It's hard to tell exactly what's being asked here but I'll try to give the best answer I can. There are a few misconceptions going around in comments and answers so I'll try to clarify all this, to the best of my knowledge.
[I] noticed that the camera perspective is similar to the 'one eyed
view' of the surroundings.
Indeed, the default (horizontal) field of view of first-person shooters (e.g. 75° in HL2) is notably smaller than the 'natural' FOV (around 95°). It might be close to a single eye FOV, but to me this is more or less a coincidence.
Is it because of the single flat view of the screen?
This is simply a side effect of the display size. The FOV is reduced to compensate the fact that a regular screen doesn't cover your entire vision (you can see your environment around the screen, unless you stick your nose on the flat panel). Note than some gamers like to change this default FOV to something bigger for a better view of their virtual surroundings. So there is no single magic value used in FPS games: this is a matter of preferences and habits.
Stereoscopic 3D displays are quite common nowadays, and plenty of games support them, thus offering a proper 'two eyed view'. The default FOV is not changed in those cases: the fact that both of your eyes receive a different image doesn't change the relative size of the display compared to your vision.
Or is it the problem that can be fixed by some research?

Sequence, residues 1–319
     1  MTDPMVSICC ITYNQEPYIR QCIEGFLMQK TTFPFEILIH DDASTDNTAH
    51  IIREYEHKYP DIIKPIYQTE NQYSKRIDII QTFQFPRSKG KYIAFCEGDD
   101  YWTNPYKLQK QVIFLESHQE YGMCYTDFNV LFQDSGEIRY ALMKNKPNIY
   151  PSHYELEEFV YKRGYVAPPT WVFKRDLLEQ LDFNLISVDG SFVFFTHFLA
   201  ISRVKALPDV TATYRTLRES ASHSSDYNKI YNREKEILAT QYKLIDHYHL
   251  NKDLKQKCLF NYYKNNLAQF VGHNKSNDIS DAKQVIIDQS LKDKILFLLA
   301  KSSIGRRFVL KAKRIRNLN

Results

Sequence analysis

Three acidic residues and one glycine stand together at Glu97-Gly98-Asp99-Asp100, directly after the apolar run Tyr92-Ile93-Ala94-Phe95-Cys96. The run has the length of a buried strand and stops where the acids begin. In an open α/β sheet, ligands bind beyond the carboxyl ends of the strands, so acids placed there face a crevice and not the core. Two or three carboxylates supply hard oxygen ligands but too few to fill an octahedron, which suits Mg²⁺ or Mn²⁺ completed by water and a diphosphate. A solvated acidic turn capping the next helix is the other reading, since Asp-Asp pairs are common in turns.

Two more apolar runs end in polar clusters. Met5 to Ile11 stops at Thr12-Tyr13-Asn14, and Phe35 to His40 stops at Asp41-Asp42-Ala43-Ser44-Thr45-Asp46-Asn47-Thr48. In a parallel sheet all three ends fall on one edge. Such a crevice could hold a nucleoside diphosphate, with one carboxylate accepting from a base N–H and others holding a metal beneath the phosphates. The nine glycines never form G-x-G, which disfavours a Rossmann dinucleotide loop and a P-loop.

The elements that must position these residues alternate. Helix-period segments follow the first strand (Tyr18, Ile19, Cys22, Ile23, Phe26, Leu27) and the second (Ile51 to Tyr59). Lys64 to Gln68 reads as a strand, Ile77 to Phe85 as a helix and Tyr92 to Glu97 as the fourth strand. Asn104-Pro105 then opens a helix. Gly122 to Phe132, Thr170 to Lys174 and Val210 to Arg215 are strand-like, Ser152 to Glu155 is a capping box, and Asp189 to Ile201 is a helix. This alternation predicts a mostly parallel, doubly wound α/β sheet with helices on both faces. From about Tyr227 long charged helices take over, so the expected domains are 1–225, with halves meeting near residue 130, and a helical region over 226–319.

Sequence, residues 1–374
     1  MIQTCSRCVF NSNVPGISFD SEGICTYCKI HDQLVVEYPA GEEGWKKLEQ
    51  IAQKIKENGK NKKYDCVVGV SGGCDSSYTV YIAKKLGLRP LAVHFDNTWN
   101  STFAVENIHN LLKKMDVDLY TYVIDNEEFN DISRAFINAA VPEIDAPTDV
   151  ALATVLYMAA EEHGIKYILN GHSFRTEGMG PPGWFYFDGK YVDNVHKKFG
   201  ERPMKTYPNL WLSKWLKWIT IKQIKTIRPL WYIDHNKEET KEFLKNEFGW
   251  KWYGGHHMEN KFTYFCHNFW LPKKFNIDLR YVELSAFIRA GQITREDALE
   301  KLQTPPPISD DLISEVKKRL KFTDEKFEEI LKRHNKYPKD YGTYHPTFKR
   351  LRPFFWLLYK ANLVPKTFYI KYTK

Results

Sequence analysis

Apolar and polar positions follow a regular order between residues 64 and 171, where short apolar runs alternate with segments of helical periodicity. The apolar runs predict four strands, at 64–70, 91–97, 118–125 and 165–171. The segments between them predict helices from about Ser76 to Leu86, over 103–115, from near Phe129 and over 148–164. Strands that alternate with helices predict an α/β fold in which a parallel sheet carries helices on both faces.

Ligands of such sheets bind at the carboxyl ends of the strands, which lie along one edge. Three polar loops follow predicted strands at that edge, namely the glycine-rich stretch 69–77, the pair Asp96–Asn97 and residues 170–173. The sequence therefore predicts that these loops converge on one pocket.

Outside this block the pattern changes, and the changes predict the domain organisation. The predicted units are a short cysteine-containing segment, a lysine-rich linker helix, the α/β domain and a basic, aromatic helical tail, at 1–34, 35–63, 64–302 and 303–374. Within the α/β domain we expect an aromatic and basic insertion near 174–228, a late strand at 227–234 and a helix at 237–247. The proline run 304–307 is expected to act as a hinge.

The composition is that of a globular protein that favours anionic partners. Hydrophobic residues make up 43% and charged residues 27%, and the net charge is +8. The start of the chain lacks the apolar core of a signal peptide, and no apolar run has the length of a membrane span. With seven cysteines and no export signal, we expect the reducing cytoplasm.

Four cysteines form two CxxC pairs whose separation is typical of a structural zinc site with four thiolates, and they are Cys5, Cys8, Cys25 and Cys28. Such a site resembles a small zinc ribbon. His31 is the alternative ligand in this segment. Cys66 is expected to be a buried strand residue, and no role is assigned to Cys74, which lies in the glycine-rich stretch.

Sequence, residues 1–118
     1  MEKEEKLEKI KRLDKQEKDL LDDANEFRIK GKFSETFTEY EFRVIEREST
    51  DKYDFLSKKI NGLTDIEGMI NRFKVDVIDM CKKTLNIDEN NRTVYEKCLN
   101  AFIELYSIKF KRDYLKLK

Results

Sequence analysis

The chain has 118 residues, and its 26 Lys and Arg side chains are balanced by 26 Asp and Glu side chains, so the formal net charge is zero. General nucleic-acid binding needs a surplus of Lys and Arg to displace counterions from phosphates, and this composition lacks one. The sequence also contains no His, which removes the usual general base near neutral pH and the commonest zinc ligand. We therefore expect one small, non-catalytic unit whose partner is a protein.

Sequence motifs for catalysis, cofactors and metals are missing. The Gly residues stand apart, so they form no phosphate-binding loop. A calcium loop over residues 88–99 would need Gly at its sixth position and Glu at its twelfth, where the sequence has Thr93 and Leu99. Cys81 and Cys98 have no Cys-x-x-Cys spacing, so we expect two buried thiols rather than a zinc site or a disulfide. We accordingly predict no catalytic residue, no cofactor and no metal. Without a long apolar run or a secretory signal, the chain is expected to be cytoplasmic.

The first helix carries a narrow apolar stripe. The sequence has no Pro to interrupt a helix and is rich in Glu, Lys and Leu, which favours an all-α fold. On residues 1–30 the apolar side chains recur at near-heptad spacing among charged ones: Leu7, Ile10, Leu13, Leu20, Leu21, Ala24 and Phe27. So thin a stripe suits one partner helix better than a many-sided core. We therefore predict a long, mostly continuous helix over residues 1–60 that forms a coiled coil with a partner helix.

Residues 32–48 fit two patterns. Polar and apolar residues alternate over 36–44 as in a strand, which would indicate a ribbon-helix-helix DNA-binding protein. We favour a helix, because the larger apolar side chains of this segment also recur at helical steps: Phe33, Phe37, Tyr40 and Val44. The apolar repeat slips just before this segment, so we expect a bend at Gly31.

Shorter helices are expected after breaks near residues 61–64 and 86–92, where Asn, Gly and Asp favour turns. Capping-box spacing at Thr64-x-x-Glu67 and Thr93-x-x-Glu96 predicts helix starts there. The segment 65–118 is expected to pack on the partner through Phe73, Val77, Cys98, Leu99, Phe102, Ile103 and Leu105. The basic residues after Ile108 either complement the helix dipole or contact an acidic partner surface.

I wouldn't call this a problem.
The 'fix' already exists, lots of game allow you to change the FOV on-the-fly, for instance try typing this in HL2's console:
sv_cheats 1;fov 95
This will seem to distort the perspective on a regular screen. To keep a natural-looking perspective with a high FOV, you simply have to use a display that covers your entire vision (stereoscopic or not). There are plenty of solutions:
- Add more screens, for instance through AMD EyeFinity. Games supporting this technology will enlarge the FOV to fit the new display size.
- Use a VR headset (expensive), or wait for the the much hyped Occulus Rift (or even customize an old Virtual Boy if you want to go retro).
- Another fancy upcoming technology that could benefit from larger FOVs is Microsoft's IllumiRoom - or, why not, a plain old overhead projector.
- Heck, if you've got plenty of money or a VR research department in your neighborhood, you could even go for a full-fledged CAVE.